Filip Janku, MD @FilipJankuMD @MDAndersonNews #ASCO20 Phase I study of IM156, a novel potent biguanide oxidative phosphorylation (OXPHOS) inhibitor, in patients with advanced solid tumors

Filip Janku, MD @FilipJankuMD @MDAndersonNews #ASCO20 Phase I study of IM156, a novel potent biguanide oxidative phosphorylation (OXPHOS) inhibitor, in patients with advanced solid tumors

User Photo
Cancer-News

1 week
4 Views
Share
Want to watch this again later?
Sign in to add this video to a playlist. Login
0 0
Category:
Description:
Filip Janku, MD at MD Anderson discusses an ASCO 2020 abstract entitled Phase I study of IM156, a novel potent biguanide oxidative phosphorylation (OXPHOS) inhibitor, in patients with advanced solid tumors.

Bottom line:
IM156, a novel oral potent biguanide OXPHOS inhibitor of the mitochondrial electron transport chain's Protein Complex 1 (PC1), induces phosphorylation of AMPK, the downstream effects of which are harmful to energy stress-prone OXPHOS-dependent cancer cells. In solid tumor and hematologic malignancy models, preclinical studies with IM156 showed activity as a single agent and in combinations.

Approaches:
This was an open label, first-in-human, multi-center, dose-escalation study using a 3 + 3 configuration (NCT03272256). The primary endpoint was to evaluate the maximum tolerated dose and/or the recommended phase 2 dose (RP2D) based on safety, tolerability and dose limiting toxicity (DLT). Pharmacokinetics (PK), pharmacodynamics (PD) and tentative signs of efficacy were among the secondary endpoints. Adults with advanced solid tumors refractory to normal ECOG Output Status < 2, sufficient organ function, and detectable disease (RECIST 1.1 or RANO [gliomas]) is eligible for treatment. IM156 was administered orally on a 28-day period every other day (QOD) or regularly (QD).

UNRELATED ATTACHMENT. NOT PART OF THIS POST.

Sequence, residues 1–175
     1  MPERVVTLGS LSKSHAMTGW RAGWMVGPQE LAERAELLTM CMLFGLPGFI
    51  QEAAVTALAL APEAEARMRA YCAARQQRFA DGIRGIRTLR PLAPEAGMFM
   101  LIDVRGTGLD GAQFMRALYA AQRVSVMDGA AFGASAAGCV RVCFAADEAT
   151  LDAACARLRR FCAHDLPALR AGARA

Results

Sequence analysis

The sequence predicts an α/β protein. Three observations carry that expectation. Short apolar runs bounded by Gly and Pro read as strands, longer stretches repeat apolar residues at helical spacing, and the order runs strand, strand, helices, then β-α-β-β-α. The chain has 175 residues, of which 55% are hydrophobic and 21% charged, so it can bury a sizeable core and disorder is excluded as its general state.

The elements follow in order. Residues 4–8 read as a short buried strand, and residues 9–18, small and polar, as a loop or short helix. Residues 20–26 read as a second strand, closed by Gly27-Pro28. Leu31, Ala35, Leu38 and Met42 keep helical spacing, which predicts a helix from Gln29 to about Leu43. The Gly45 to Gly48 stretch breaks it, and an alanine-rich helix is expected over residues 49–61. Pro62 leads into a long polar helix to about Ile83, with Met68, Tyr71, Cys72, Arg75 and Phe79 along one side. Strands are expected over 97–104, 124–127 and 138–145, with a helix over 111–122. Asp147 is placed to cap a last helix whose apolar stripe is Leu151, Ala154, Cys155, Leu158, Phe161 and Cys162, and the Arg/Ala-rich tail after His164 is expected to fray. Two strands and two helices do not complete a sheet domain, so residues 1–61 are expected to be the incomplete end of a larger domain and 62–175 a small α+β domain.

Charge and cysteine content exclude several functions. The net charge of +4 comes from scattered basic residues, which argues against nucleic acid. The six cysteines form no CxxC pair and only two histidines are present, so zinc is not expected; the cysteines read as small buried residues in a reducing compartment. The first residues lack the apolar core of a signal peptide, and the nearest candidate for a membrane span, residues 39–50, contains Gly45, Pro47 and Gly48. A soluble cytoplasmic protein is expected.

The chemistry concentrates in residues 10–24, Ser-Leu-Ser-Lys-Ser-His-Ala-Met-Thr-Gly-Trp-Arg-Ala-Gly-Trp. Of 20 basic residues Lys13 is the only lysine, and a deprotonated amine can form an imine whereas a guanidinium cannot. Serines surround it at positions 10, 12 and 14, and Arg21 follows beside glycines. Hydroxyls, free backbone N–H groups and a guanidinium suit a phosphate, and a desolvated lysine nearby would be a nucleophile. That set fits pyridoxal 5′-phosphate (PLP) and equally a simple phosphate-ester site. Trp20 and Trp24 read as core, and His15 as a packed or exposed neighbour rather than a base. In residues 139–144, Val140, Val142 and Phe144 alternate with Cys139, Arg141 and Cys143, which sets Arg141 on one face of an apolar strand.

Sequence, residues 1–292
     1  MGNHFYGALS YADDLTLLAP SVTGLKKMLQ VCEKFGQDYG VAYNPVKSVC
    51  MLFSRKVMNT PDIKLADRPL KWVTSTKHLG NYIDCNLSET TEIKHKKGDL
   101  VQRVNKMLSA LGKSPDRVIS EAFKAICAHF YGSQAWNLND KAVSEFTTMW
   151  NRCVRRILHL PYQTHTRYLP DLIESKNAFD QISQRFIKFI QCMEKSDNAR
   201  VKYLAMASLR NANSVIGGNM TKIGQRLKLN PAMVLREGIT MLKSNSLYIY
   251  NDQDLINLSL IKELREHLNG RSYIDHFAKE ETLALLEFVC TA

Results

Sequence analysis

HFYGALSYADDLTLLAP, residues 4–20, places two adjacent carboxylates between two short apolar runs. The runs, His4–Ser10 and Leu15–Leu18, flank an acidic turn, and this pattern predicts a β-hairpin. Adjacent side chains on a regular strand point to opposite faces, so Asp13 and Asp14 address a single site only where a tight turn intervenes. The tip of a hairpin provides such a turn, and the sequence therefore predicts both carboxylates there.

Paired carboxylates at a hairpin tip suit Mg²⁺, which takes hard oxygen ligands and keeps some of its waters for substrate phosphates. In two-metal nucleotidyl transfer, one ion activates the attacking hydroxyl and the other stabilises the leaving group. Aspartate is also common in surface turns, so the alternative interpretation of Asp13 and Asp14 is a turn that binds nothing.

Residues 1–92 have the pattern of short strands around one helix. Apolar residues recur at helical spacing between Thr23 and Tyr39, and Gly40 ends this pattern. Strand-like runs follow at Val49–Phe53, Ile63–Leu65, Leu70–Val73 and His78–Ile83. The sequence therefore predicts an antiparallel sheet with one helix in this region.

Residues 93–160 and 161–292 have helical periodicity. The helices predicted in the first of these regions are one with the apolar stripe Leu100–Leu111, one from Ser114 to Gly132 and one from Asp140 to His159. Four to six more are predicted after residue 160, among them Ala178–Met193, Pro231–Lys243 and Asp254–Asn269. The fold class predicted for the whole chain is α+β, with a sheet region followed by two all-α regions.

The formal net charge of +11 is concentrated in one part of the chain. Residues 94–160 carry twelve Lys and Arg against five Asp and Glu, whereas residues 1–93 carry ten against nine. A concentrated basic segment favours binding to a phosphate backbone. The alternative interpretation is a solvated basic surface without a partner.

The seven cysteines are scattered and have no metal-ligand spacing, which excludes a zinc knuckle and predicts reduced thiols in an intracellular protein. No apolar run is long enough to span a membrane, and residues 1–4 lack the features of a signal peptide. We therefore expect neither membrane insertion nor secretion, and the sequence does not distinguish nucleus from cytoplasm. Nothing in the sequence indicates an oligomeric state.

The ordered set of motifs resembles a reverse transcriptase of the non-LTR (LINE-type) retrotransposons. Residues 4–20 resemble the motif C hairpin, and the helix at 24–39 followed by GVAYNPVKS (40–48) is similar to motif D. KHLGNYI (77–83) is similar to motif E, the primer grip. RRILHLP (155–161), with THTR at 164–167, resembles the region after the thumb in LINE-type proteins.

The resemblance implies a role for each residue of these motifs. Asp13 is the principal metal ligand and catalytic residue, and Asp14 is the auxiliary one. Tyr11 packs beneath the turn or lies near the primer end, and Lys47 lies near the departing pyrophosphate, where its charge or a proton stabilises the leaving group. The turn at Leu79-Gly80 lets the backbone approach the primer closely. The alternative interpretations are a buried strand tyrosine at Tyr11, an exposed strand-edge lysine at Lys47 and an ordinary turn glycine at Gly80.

Reviews:
Seven cohorts (100 , 200, 400, 800, and 1,200 mg QOD; 800 and 1,200 mg QD) were enrolled in 22 patients (gastric cancer: N = 8; ovarian cancer: N = 3; colorectal cancer: N = 3; endometrial cancer: N = 2; sarcoma: N = 2; others: N = 4). The most common adverse effects associated with treatment (TRAEs) were gastrointestinal (nausea [N = 16, 73 percent], diarrhea [N = 12, 55 percent], and vomiting N = 11, 50 percent]). The only Grade 3 TRAE was nausea, recorded in 3 (14 percent) patients. There were no DLTs estimated; the estimated RP2D was 800 mg as 1,200 mg QD was associated with Grade 2/3 nausea requiring dose adjustments. Dose-proportional increases in Cmax and AUC0-last exceeding the predicted effective range were shown by PK. In 3 patients, PD showed a decrease in tumor growth rate (1,200 mg QOD: N = 2; 800 mg QD: N = 1) and a decrease in VEGF and tumor markers in 800 mg QD treated gastric cancer patients with neuroendocrine differentiation who are still under research in cycle 11. In 7 (32 per cent) patients, the best response was stable disease.

Conclusions:
IM156 is the first PC1 OXPHOS inhibitor to be successfully investigated for the detection of RP2D in cancer patients. It was well tolerated in preclinical models at dose levels active, and showed moderate clinical activity in an unselected patient population. Subsequent development would focus on tumors based on OXPHOS and combinations with agents in which the metabolism of OXPHOS is a resistance mechanism. Details on clinical trials: NCT03272256.
Up Next Autoplay